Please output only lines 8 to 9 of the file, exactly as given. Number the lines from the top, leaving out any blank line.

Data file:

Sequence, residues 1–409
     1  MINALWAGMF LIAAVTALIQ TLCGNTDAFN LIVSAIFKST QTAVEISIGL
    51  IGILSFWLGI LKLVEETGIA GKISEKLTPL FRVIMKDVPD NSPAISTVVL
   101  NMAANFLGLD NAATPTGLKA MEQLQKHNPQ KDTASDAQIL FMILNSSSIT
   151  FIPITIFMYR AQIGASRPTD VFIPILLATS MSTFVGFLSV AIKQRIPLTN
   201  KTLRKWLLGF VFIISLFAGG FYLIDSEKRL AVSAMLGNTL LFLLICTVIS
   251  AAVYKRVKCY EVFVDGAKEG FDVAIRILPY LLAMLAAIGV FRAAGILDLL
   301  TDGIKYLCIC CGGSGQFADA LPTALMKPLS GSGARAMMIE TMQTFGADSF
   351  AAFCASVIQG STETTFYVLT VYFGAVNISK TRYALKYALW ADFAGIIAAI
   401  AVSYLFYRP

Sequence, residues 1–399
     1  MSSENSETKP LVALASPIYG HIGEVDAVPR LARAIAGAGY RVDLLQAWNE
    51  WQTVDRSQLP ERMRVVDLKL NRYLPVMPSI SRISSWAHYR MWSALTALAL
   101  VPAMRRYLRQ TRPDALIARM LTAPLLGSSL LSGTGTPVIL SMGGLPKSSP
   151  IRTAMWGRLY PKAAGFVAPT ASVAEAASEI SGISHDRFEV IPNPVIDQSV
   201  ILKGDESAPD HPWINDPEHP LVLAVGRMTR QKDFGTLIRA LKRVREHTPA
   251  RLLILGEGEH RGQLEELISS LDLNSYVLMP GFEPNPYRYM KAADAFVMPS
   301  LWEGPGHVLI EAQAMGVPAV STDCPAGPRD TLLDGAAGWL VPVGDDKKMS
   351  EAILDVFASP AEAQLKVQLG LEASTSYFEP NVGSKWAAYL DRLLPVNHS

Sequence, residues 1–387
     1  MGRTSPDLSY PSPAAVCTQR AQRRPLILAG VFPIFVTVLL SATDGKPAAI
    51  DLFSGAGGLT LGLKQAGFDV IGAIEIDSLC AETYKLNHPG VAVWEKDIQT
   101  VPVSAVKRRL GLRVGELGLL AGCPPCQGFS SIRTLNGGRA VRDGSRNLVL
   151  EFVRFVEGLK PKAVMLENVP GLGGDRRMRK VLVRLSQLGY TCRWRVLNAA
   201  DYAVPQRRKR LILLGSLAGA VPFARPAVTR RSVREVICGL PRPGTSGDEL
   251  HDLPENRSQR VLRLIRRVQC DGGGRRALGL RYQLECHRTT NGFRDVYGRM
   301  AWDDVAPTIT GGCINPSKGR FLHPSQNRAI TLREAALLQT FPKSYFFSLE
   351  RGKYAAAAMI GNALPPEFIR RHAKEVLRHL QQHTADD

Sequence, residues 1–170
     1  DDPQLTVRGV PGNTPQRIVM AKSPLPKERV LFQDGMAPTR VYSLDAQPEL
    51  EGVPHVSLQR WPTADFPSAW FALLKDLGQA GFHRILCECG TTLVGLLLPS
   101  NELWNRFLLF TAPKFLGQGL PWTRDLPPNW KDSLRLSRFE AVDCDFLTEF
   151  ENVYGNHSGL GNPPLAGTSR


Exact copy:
   301  TDGIKYLCIC CGGSGQFADA LPTALMKPLS GSGARAMMIE TMQTFGADSF
   351  AAFCASVIQG STETTFYVLT VYFGAVNISK TRYALKYALW ADFAGIIAAI